Corwen ready for Llangollen railway and business boost
Shops and cafes are opening in a town preparing for the arrival of a heritage railway and an extra 90,000 visitors.
Traders in Corwen want to make sure the town is at its best although the first passengers on the Llangollen Railway extension are not due till next summer.
Cafes and tea rooms have opened and other people are devising ways to cash in on the extra visitors by setting up new events, markets and other projects.
Meanwhile, council officials have drawn up plans which include a new museum.
"It is such an exciting time," said Lesley Lewis-Crimes, who has helped set up the Edeyrnion Heritage and Cultural Society to promote local villages.
"It is a diverse area for history and such a beautiful place we want people to come and see what we have got," she said.
Corwen and District Business Association is hoping the last vacant shop units will soon be occupied, with new places to eat and drink as well as a supermarket already recently opened and an art gallery on its way.
Corwen Partnership, which includes local groups, has helped establish anew walking festivalover the first September weekend.
Tourism and Leisure Corwen (TLC) is in talks to secure funding for equipment such as stalls to put on regular markets.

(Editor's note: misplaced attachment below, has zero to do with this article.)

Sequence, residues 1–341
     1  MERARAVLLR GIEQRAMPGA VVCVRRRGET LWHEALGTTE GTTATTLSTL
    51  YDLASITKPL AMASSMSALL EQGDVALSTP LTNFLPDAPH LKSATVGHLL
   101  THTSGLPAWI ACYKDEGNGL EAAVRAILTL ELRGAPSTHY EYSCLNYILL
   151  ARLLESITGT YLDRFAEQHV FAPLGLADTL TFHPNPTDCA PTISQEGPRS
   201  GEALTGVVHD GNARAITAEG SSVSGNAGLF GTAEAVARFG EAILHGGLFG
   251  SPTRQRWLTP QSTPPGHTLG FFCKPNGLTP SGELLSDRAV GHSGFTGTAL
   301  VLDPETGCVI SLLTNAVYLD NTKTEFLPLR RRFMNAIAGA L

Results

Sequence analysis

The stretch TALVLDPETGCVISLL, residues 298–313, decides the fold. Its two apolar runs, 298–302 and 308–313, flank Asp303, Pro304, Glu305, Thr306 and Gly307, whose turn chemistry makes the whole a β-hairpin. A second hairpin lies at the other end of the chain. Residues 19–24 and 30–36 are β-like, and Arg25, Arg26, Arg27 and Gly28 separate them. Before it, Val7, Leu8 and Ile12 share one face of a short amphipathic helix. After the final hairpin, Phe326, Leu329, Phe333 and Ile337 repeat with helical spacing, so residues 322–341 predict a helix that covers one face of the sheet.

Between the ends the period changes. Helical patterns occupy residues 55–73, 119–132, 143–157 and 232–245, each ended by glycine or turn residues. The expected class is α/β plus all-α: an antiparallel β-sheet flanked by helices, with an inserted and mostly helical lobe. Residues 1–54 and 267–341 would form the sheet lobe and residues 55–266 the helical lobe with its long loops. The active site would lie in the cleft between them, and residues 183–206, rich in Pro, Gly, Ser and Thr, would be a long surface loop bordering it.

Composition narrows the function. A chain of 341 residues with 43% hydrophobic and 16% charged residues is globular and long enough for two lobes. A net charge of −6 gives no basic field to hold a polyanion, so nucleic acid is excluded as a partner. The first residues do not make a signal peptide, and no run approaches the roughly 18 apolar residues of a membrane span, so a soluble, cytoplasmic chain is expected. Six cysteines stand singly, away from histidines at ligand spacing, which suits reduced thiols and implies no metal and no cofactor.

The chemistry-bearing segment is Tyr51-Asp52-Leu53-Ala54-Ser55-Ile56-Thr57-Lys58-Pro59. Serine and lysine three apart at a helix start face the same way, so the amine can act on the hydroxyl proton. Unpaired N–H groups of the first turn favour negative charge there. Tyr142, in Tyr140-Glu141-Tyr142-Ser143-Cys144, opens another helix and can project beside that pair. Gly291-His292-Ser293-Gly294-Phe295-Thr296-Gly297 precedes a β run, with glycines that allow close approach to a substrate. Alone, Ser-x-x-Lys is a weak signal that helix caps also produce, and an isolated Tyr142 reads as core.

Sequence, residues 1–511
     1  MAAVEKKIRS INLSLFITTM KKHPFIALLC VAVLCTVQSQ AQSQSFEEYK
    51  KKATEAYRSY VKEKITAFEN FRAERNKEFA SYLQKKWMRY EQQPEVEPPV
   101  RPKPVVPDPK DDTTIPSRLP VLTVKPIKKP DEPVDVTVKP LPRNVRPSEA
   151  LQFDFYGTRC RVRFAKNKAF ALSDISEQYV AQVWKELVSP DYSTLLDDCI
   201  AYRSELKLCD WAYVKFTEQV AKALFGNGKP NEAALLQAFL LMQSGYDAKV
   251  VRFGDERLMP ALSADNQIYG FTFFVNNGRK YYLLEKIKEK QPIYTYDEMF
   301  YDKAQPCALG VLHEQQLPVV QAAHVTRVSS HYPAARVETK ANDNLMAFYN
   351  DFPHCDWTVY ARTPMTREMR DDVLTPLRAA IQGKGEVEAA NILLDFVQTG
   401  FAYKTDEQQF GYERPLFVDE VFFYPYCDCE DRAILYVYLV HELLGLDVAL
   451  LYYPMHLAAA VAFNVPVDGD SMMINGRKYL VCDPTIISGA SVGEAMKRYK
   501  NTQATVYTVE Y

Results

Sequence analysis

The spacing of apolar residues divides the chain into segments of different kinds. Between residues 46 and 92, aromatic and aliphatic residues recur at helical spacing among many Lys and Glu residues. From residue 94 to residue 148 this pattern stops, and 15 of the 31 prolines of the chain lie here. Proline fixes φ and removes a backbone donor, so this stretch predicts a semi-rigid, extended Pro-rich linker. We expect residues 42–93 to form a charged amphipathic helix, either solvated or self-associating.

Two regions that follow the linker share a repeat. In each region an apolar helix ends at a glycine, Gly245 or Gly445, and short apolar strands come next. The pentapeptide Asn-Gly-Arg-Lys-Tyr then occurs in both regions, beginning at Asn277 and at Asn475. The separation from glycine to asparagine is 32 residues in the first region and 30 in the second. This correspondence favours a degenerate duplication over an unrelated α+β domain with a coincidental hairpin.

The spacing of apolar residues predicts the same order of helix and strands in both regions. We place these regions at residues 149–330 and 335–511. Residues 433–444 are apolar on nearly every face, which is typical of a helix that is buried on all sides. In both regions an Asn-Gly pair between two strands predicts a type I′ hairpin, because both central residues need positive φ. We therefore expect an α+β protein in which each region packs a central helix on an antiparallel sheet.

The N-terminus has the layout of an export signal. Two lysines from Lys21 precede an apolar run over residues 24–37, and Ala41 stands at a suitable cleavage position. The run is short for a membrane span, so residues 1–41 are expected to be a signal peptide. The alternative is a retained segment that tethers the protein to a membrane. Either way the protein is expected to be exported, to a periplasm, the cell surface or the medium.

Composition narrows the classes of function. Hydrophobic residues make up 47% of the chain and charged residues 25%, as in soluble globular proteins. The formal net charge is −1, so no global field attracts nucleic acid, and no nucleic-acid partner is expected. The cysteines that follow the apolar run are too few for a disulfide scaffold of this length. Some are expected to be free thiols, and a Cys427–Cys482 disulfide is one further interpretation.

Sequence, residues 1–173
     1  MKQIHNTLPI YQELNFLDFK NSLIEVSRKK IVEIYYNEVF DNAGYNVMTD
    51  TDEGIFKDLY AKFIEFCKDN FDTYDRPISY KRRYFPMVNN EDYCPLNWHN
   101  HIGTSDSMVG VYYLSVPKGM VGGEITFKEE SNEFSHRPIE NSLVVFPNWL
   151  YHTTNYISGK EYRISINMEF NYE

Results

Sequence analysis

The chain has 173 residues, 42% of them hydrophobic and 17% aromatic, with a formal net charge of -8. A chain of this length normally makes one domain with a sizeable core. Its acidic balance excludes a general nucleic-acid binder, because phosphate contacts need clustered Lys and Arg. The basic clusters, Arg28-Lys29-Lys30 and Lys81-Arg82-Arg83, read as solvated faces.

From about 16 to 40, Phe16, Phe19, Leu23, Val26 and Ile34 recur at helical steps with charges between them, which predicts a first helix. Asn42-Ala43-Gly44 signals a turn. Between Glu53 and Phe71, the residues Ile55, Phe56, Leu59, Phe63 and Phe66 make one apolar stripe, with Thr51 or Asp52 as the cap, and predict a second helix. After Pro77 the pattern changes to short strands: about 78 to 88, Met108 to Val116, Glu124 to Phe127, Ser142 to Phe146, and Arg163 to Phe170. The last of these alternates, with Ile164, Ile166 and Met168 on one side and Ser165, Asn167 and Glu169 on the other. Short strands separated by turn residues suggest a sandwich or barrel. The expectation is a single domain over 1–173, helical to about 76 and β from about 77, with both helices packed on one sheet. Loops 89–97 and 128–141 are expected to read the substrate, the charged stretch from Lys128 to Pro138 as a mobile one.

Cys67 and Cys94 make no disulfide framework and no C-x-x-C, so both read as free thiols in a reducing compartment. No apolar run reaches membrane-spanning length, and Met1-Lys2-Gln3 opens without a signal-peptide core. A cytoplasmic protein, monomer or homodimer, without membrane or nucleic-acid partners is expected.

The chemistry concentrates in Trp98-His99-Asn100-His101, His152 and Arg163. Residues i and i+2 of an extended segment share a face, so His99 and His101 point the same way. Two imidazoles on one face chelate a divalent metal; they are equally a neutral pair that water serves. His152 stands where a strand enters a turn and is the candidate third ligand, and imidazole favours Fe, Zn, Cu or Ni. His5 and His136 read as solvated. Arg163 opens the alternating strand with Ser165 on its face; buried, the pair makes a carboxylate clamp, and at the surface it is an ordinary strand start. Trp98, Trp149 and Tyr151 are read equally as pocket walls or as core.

Members have yet to decide whether to work towards hosting alternate markets selling produce, crafts and a car boot or a mix of the three.
Among other ideas is a plan to clean-up properties in the town centre as well as opening a visitor centre and possibly a transport museum as well as a children's play barn.
Adraft Corwen planby Denbighshire council says: "There is an aspiration amongst local organisations to develop and operate visitor facilities which would complement the extension of the railway including a new railway museum and an attraction in the adjacent former chapel."
It goes on to say the Arts Council of Wales has indicated a willingness to part fund an arts trail in Corwen.
The Owain Glyndwr Society are also said to be looking at the possible development of a trail marking the historic nobleman's close links with the area.
The Central Hotel is undergoing a £1.2m refit as a restaurant and flats.
The Corwen Healthy Living Centre, which provides community facilities, has just received confirmation of a £250,000 Welsh government grant to fund a revamp.
Meanwhile, the fate of the closed Corwen Pavilion, another community centre, which was closed due to health and safety issues, is less clear.
And the nearby Rhug Estate Farm shop was recently extended to include a restaurant.
At the Digital Magic print and photo shop, Geoff Williams, who is on the committee of the business and leisure groups, says: "There are lots of groups doing things for the town."
He is chair of the TLC group which is pushing the market plan.
"There is a lot of enthusiasm about it. We hope to start from August," said photographer Mr Williams.
Royal Oak landlord Ian West, secretary of the local business group, says anticipation is building among local people because, until now, the railway has been "two years away for 20 years".
"We have more places to eat, cafes, tea room and vacant premises are being taken up," he said.
"It is being driven by the railway."